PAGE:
Herb: Headed Savory


Latin name: Thymus capitatus


Synonyms: Coridothymus capitatus, Satureja capitata


Family: Labiatae



Medicinal use of Headed Savory:

The leaves, and especially the essential oil contained in them, are strongly antiseptic, deodorant and disinfectant. The plant can be used fresh at any time of the year, or it can be harvested as it comes into flower and either be distilled for the oil or dried for later use. The essential oil should not be used in aromatherapy because it is highly irritant to the mucous membranes.

Description of the plant:



Plant:
Evergreen
Shrub

Height:
25 cm
(9 3/4 inch)

Flovering:
July to
September


Scent:
Scented
Shrub

Habitat of the herb:

Dry, usually calcareous soils.

Edible parts of Headed Savory:

The plant is sometimes used as a condiment. An essential oil from the plant is used for flavouring baked goods, condiments, beverages, ice creams etc. It is called "Spanish oregano oil". Leaves - raw in salads or added as a flavouring to cooked foods. An aromatic tea is made from the leaves. If the leaves are to be dried, the plants should be harvested in early and late summer just before the flowers open and the leaves should be dried quickly.

Other uses of the herb:

The essential oil, known as "Spanish oregano oil", obtained from the leaves is also used in perfumery and soaps, as a mouth wash, medicinally etc.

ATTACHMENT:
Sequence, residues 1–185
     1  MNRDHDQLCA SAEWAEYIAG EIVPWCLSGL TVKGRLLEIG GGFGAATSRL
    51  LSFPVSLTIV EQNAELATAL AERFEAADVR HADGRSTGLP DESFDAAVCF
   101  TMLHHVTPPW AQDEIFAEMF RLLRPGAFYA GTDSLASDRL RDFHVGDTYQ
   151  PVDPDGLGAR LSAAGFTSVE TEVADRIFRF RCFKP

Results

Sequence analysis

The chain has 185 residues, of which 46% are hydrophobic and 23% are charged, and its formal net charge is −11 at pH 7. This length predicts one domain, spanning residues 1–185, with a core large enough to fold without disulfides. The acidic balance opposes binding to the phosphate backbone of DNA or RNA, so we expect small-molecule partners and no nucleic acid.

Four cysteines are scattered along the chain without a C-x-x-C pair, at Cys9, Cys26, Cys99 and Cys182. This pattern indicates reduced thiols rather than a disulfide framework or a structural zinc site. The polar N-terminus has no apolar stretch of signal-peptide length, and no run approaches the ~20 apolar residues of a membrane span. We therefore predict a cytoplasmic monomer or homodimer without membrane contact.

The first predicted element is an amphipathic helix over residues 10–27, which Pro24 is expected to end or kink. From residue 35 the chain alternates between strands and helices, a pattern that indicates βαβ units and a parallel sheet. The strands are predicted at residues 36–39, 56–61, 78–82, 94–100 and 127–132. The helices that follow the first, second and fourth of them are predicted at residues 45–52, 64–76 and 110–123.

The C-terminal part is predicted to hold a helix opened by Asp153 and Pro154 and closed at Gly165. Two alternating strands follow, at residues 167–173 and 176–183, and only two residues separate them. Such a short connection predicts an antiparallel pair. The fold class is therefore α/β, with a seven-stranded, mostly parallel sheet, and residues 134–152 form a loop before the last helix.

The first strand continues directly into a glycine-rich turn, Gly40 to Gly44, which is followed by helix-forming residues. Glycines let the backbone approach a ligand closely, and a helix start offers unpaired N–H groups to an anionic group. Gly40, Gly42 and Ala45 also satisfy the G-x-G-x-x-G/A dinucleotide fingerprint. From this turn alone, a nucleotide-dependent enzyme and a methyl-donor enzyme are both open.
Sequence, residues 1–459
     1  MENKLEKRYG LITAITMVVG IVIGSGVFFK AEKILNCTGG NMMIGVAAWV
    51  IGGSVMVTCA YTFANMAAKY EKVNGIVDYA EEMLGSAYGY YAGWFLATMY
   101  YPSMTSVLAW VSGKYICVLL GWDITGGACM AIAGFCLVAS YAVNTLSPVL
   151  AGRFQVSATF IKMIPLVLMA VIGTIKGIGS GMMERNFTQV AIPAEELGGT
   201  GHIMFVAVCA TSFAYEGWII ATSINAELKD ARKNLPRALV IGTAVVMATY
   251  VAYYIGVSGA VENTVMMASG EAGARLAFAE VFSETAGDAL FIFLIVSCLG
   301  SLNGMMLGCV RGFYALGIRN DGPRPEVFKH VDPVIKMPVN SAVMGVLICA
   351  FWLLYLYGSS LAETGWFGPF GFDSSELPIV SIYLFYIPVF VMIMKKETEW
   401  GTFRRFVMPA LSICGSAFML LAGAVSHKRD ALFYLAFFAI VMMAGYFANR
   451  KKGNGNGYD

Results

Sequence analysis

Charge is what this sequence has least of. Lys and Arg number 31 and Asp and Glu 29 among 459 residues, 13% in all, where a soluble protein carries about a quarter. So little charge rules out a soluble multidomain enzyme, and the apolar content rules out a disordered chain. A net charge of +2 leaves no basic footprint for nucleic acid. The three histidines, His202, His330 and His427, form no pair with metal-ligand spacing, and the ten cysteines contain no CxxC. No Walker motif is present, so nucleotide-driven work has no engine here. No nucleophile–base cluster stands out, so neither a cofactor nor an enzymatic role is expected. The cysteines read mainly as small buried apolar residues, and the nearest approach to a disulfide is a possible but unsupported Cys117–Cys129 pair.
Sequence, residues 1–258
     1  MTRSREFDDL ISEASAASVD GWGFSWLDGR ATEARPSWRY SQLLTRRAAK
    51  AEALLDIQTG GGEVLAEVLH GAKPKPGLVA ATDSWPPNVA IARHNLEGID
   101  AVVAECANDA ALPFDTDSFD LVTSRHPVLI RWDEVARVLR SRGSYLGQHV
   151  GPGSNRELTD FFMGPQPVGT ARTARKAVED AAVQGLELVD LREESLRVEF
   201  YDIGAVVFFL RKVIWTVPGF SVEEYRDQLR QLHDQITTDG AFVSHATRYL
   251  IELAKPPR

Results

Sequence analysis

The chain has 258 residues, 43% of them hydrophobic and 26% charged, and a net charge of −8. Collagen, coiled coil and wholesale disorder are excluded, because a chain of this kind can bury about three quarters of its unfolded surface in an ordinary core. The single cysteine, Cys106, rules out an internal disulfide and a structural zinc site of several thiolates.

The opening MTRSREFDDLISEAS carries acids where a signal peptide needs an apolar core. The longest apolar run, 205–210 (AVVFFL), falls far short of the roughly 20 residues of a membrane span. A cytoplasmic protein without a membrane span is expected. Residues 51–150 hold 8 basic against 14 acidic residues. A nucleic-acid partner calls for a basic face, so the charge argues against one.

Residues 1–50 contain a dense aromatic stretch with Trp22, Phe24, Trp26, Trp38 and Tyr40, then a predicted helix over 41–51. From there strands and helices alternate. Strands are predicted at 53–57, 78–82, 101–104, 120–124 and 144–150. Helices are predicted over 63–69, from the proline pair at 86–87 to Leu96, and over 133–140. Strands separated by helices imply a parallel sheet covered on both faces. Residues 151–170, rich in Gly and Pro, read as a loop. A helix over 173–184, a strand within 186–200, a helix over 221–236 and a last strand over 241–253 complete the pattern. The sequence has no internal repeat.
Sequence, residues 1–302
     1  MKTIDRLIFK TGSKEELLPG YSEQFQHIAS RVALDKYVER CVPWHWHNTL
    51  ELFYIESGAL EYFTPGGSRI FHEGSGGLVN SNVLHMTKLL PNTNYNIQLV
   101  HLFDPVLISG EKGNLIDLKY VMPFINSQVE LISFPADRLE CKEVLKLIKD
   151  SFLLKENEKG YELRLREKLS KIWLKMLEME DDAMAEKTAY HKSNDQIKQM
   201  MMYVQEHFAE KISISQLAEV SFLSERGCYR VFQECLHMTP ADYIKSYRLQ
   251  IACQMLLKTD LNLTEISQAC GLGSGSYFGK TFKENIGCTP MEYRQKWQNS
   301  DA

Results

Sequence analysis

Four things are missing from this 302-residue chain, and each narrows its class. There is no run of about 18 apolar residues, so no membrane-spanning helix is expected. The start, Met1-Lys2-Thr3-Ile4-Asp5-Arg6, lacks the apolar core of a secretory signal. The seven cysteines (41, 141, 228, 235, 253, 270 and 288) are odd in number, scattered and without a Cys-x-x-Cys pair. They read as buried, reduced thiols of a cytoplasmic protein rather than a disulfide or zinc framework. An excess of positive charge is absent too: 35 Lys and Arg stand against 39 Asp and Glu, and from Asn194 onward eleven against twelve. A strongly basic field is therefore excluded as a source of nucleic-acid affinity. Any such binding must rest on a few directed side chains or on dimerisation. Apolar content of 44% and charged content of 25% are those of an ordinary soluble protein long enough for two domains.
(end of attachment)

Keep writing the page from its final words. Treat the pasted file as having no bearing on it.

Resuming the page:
Propagation of Headed Savory:

Seed - sow spring in a cold frame. Seed can also be sown in autumn in a greenhouse. Surface sow or barely cover the seed. Germination can be erratic. When they are large enough to handle, prick the seedlings out into individual pots and grow them on in the greenhouse for at least their first winter. Plant them out into their permanent positions in late spring or early summer, after the last expected frosts. Division in spring or autumn. Larger divisions can be planted out direct into their permanent positions. We have found that it is best to pot up smaller divisions and grow them on in light shade in a greenhouse or cold frame until they are growing away well. Plant them out in the summer or the following spring. Cuttings of young shoots, 5 - 8cm with a heel, May/June in a frame. Cuttings of half-ripe wood, 5 - 8cm with a heel, July/August in a frame. Layering.

Cultivation of the herb:

Dry, usually calcareous soils.

Known hazards of Thymus capitatus:

None known

Plant information taken from the Plants For A Future.